Raising a Puppy—the fifth week in his new home
A day in the life with Bruno the Boxer puppy. Bruno's fifth week—11 weeks old, 22 pounds, 15 inches from the ground to the highest point of the shoulders (the withers).
About 2 1/2 months old
Back to the Vet
I heard Bruno making a coughing sound and noticed he had white snot coming from his nose. Bruno is on antibiotics. We also put him on a bland food and some diarrhea medicine, as his loose stool came back.
Bruno the Golf Cart Rider
Just like his sister Allie, a 6 year old Boxer, Bruno enjoys going for golf cart rides.
Bruno is 11 weeks today, and in celebration of his 11th week of life, he decided to pee in my car suddenly! I had him in the back instead of the front as I normally do when I drive. Bad puppy!
Besides peeing in the car, today I also caught Bruno eating horse poop and chewing on a headless dead bird. Yes, the head was missing. Hoping the cats ate the head and not Bruno. I also caught him searching the ground for bits of cat food that fell off of the picnic table where we feed our cats. This could very well explain his loose stool.
Take a close look at Bruno's dog bed—something does not belong. Hint, that's a real walkie-talkie! No, Bruno, daddy's walkie-talkies are not chew toys! Bruno somehow got a hold of this, carried it off to his dog bed and put it with the rest of his toys. Thank goodness he didn't chew it up!
"NO BRUNO! You do not steal shoes! They are not chew toys and they DO NOT belong in your dog bed!"
The kids went frogging and left their nets on the porch. The dead fishy smell was too much for Bruno to resist. He chewed a hole in the larger net. The kids will have to learn they can no longer set things down on the porch, that is, if they still want it in one piece.
Learning More Tricks
Bruno now knows the "Paw" command; you ask for his paw and he will give it to you. We taught this by saying "paw" while at the same time tapping the back of his paw, then taking hold of his paw, followed by an immediate "Good boy, Bruno" and a treat. He eventually started giving us his paw without the extra help.
Funny story, while teaching Bruno the "Paw" trick, we were repeating over and over, "Bruno Paw, Bruno Paw.". Our older Boxer Allie came over and put her paw on top of Bruno's head and waited for her treat.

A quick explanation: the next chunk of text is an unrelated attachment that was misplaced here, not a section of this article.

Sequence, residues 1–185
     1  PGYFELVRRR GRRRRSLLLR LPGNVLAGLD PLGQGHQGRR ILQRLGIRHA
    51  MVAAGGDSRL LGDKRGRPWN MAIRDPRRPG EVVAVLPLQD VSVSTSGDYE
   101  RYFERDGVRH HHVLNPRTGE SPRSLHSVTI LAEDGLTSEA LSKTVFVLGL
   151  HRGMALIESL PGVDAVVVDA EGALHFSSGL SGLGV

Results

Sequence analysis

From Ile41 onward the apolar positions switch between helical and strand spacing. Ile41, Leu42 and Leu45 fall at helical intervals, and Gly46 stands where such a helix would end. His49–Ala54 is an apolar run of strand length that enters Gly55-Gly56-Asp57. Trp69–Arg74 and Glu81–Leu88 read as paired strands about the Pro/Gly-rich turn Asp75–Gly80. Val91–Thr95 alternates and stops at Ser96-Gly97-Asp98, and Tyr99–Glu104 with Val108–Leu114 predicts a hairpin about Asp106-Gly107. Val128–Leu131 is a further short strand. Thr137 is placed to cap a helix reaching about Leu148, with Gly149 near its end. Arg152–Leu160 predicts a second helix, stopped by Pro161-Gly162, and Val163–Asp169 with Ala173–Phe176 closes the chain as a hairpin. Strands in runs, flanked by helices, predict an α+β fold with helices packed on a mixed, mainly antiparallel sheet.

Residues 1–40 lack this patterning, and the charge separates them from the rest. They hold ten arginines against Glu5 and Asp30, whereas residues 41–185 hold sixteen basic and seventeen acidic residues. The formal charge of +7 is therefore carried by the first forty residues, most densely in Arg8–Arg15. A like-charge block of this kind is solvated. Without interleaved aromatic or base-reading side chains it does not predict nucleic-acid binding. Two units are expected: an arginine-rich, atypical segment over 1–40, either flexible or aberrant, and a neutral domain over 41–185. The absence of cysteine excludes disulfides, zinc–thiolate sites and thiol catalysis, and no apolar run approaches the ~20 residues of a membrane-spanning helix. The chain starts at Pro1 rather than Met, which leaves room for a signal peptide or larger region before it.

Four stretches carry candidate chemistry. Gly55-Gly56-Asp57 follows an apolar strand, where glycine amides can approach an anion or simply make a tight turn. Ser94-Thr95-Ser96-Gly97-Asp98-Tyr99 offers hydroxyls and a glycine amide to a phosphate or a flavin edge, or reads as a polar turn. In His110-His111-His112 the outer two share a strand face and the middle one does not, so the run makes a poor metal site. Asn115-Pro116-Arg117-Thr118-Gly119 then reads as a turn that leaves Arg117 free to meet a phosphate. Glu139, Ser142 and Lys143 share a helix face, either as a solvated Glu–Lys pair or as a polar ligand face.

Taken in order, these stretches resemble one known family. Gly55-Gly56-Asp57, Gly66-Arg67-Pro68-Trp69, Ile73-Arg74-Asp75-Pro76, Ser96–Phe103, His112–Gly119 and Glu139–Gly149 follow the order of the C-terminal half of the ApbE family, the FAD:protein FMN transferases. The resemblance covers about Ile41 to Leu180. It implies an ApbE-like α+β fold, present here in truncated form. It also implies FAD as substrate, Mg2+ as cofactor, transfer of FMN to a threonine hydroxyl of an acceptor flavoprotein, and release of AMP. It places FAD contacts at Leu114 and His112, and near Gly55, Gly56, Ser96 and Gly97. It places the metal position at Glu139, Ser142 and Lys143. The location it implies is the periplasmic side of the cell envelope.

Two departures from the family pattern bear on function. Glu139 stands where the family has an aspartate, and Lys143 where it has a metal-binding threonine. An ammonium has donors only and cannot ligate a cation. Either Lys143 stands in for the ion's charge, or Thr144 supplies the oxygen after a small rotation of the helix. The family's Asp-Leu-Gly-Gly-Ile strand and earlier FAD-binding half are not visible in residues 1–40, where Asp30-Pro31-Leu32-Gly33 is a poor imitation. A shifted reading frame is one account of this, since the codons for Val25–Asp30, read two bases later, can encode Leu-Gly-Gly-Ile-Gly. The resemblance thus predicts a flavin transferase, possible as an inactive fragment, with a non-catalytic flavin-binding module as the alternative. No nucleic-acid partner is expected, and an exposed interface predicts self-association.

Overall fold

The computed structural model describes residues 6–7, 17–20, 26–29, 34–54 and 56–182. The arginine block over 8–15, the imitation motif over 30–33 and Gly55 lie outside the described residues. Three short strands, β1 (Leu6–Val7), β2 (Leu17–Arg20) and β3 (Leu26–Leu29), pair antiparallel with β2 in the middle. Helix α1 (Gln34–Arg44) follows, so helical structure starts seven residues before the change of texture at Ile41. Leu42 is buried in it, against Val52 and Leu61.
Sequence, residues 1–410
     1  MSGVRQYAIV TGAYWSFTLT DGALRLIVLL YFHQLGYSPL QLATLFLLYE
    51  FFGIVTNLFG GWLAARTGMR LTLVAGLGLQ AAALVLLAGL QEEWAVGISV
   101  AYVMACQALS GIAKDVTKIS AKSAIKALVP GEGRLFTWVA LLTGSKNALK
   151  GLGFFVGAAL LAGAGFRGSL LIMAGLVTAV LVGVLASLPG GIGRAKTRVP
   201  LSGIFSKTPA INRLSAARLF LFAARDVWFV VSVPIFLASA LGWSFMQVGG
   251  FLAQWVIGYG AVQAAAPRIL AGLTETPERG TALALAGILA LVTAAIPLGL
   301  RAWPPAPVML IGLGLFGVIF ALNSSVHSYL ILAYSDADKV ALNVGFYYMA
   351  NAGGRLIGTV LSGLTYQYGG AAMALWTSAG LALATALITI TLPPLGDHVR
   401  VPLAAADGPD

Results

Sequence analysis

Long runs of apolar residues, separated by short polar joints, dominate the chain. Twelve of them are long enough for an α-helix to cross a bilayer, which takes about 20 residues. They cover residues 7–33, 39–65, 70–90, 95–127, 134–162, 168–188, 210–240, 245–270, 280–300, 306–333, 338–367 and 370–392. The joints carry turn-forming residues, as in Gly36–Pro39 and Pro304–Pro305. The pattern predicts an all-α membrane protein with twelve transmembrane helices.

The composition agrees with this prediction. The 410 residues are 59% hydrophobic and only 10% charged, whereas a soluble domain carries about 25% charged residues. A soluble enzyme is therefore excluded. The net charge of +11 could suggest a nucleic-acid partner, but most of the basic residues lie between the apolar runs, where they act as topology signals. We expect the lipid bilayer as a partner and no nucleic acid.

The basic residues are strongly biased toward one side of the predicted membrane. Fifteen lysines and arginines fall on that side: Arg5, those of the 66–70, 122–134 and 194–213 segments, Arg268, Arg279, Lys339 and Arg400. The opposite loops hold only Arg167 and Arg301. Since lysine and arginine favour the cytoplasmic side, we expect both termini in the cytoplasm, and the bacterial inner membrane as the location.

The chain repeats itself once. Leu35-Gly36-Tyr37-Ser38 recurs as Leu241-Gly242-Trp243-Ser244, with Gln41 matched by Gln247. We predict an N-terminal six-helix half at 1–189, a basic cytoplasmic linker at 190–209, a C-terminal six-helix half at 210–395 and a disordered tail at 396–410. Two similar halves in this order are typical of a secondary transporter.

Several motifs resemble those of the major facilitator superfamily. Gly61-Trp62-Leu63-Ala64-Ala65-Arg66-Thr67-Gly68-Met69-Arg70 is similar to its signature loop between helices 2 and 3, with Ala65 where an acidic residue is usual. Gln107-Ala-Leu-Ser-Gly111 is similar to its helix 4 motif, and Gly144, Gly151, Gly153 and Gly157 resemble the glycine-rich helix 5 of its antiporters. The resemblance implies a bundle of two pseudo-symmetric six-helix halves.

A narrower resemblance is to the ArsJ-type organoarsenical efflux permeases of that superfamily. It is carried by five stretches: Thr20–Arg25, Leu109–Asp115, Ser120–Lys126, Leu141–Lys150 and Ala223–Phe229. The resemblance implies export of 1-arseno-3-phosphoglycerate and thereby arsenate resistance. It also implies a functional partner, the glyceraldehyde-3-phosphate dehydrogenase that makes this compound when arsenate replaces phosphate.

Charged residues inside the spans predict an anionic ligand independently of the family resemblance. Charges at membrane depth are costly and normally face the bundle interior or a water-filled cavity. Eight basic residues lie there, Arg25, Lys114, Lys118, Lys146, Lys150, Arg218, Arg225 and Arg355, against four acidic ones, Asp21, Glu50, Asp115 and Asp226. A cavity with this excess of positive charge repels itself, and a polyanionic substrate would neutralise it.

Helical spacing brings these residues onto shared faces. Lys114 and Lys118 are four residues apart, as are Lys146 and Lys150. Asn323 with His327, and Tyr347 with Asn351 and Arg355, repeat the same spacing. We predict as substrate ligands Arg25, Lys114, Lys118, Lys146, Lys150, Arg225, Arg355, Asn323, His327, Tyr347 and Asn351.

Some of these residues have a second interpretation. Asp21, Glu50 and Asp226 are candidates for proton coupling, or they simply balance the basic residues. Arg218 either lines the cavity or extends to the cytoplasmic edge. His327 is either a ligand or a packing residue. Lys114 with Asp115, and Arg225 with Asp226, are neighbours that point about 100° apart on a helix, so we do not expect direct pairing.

11 weeks and 1 day old. The kids were playing with Bruno in the living room. They left the room for a minute, leaving Bruno unattended. Bruno peed on the living room hardwood floor and immediately after peeing he walked to the door to go outside. Bruno, you’re a tad backwards there! You’re supposed to go outside BEFORE you pee! We did not catch Bruno in the act of peeing so yelling at him was useless. One must catch a dog in the act for the dog to understand what he did wrong. When you yell at a dog, whatever the dog is doing at the very moment you yell is what the dog thinks is bad. Therefore, your dog may get the idea that pee on the floor is bad, however he does not relate it to the act of peeing. This is why some dogs will pee inside the house, then run and hide or look guilty right afterwards. They are confused; they know the pee is bad, but they don't realize the act of peeing is bad. They pee, and suddenly there is something bad on the floor. This is why you must catch your dog in mid-pee or about to pee in order to make him or her understand.
At 11 weeks and 3 days old. Bruno peed in his crate. I heard him yip at 7:00 a.m. and thought I was dreaming, until reality hit that I needed to get up and let him out. It was too late, Bruno had peed. If I get to the crate in time and let him out, he will run to the door to go outside.
11 weeks and 6 days old. I discovered dried pee in Bruno's crate. I have no idea when he did it. It was completely dry. Time to clean his bedding once again.... Oh, Bruno...
On most mornings Bruno will yelp, then I run down and open his crate. I walk to the door with Bruno following me all the while saying, "Bruno Outside." Bruno goes outside and does his thing.
Knowing His Name
At 11 weeks old and during the fifth week in his new home, I now can see Bruno clearly knows his name. Last week Bruno sort of knew his name; he'd come sometimes when called. However, now I can see from his reaction when I say his name that he clearly relates his name to himself.
Coming When Called
We still continue to call Bruno to us for no good reason other than to get a good belly rub and a "Good Boy!" when he gets to us. This is a continued, daily effort to teach him to come when called. We also continue to practice the sit, stay and paw commands daily.